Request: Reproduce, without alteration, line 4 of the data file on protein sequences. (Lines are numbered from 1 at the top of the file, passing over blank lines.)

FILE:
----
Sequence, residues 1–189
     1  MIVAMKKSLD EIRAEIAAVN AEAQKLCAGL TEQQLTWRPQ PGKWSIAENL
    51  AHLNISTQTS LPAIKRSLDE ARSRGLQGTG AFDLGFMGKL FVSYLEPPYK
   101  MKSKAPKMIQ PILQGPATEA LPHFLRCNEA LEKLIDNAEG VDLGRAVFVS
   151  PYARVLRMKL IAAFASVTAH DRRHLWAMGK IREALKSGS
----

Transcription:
   101  MKSKAPKMIQ PILQGPATEA LPHFLRCNEA LEKLIDNAEG VDLGRAVFVS